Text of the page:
(CNN) -- The Marine Corps has sacked four top officers of a California-based fighter squadron over the December crash of a fighter jet that slammed into a San Diego neighborhood, the service announced Tuesday.
Grace Yoon, 15 months, was killed after a military jet crashed into her home.
Deferred maintenance and faulty decisions by the pilot and squadron members with whom he was communicating on the ground contributed to the crash, a Marine Corps investigation concluded.
The commander of the squadron involved, its top maintenance officer and two others have been relieved of duty as a result of the investigation, and nine other Marines have received other disciplinary action, Maj. Gen. Randolph Alles said.
The jet crashed in the University City neighborhood of San Diego, about three miles short of the Miramar airfield. Two adults and two small children from a Korean immigrant family were killed when the jet slammed into their house. Watch what pilot said as plane had trouble »
The F/A-18 Hornet crashed after "a succession of emergencies" that began with oil-pressure problems in its right engine during a flight off the Southern California coast, said Marine Col. John Rupp. That left the jet relying on its other engine, which previously had been giving mechanics electronic indications of a problem with its fuel-flow system, Rupp said. Learn more about the jet »
Maintenance rules don't require immediate repairs for the problem, he said, but the squadron flew the jet 146 times before it eventually crashed because its left engine was starved for fuel.
"The end result was that the squadron elected to fly an aircraft that had a degraded fuel system on the left side of the aircraft," Rupp said. "This is a critical point, and this was collectively questionable judgment on the part of the squadron's maintenance department."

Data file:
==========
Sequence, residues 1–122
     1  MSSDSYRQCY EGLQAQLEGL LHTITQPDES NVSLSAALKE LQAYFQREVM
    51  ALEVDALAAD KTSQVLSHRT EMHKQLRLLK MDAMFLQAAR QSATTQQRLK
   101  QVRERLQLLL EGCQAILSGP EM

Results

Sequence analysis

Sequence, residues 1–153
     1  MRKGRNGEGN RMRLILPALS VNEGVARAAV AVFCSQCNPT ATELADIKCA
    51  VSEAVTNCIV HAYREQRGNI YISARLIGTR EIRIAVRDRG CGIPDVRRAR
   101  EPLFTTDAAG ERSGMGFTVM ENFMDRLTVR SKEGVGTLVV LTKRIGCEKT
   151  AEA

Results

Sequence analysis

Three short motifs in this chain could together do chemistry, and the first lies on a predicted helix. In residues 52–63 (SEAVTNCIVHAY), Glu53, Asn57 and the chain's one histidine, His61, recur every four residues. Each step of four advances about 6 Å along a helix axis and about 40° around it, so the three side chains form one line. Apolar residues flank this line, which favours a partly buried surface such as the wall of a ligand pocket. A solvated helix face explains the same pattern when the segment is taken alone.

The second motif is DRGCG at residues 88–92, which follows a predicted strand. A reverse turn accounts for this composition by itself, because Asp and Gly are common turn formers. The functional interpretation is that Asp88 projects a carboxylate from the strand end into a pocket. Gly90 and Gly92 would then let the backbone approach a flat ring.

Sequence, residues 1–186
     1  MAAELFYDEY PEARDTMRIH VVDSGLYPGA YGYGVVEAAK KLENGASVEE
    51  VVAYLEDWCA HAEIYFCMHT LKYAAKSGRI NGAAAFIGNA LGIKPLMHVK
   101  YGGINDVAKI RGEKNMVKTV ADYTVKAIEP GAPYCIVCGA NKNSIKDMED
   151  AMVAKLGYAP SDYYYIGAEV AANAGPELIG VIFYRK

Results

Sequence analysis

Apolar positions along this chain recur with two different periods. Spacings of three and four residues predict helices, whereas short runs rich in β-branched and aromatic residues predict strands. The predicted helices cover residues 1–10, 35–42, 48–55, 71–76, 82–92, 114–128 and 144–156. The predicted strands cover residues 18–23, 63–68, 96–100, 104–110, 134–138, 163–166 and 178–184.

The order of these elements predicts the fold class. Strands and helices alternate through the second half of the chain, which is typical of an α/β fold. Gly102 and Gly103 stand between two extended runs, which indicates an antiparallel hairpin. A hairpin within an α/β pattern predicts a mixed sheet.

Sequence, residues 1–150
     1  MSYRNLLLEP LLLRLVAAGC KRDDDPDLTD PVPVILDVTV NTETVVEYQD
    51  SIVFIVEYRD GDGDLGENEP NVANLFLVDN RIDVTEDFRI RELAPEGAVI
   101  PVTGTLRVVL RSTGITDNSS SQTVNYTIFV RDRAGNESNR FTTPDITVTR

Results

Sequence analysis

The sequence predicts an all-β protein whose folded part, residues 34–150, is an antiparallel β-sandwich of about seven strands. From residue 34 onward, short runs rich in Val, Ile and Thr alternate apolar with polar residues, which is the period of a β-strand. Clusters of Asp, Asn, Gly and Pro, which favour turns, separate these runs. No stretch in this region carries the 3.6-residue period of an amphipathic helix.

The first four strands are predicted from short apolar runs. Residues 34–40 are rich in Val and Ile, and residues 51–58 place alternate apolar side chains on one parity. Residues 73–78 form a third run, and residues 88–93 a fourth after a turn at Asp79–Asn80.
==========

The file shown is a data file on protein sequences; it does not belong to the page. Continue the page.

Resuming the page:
The investigation criticized the pilot, who was being trained on the F/A-18, for not consulting a pocket checklist that outlined emergency procedures. While controllers aboard the aircraft carrier that launched the jet urged the pilot to land at a nearby Navy airfield at North Island, squadron officers relied on "incorrect assumptions and inaccurate data" to guide him back to the plane's base at the Miramar Marine Corps Air Station.
"No one in the ready room stated or understood the severity of the low fuel emergency at this time," Rupp said. "This is a critical moment, and this is collectively bad decision-making by the duty officer, by the operations officer and by the squadron's commanding officer."
The pilot waited "until the last possible moment" to eject from the plane, bailing out at an altitude of just 400 feet, and attempted to steer away from homes on the ground before the crash, Rupp said.
The pilot, whose name has not been released, is grounded pending further review, which Marine officers said was routine. Alles said the officer was an "above-average" pilot who "just made a poor decision."
Dong Yun Yoon lost his wife, children and mother-in-law in the crash and another unoccupied house also was destroyed.
Yoon said the victims were his daughter Rachel, who was born less than two months before the accident; his 15-month-old daughter Grace; his wife, Young Mi Yoon, 36; and her 60-year-old mother, Suk Im Kim, who he said had come to the United States from Korea recently to help take care of the children.
In an emotional press conference in December, Yoon said he did not blame the pilot and urged the public to pray for him.
"I don't blame him. I don't have any hard feelings. I know he did everything he could," Yoon said at the time.
"Please pray for him not to suffer from this accident," Yoon said as he fought for composure. "He is one of our treasures for the country."
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